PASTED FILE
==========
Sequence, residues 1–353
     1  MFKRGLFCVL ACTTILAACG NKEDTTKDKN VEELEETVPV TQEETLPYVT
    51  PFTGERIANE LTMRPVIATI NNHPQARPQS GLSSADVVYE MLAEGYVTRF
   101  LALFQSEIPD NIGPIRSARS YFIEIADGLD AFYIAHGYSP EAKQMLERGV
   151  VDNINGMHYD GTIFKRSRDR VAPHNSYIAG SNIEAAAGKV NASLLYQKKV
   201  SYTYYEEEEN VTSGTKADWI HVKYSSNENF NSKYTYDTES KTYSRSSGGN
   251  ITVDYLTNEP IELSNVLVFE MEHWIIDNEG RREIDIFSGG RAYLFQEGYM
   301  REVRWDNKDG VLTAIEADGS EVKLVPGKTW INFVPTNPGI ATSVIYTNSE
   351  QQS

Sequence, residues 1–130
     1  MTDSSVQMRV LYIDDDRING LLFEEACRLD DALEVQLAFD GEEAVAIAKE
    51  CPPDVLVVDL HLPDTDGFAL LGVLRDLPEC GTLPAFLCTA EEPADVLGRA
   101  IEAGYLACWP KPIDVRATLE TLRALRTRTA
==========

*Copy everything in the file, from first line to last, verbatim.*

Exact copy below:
Sequence, residues 1–353
     1  MFKRGLFCVL ACTTILAACG NKEDTTKDKN VEELEETVPV TQEETLPYVT
    51  PFTGERIANE LTMRPVIATI NNHPQARPQS GLSSADVVYE MLAEGYVTRF
   101  LALFQSEIPD NIGPIRSARS YFIEIADGLD AFYIAHGYSP EAKQMLERGV
   151  VDNINGMHYD GTIFKRSRDR VAPHNSYIAG SNIEAAAGKV NASLLYQKKV
   201  SYTYYEEEEN VTSGTKADWI HVKYSSNENF NSKYTYDTES KTYSRSSGGN
   251  ITVDYLTNEP IELSNVLVFE MEHWIIDNEG RREIDIFSGG RAYLFQEGYM
   301  REVRWDNKDG VLTAIEADGS EVKLVPGKTW INFVPTNPGI ATSVIYTNSE
   351  QQS

Sequence, residues 1–130
     1  MTDSSVQMRV LYIDDDRING LLFEEACRLD DALEVQLAFD GEEAVAIAKE
    51  CPPDVLVVDL HLPDTDGFAL LGVLRDLPEC GTLPAFLCTA EEPADVLGRA
   101  IEAGYLACWP KPIDVRATLE TLRALRTRTA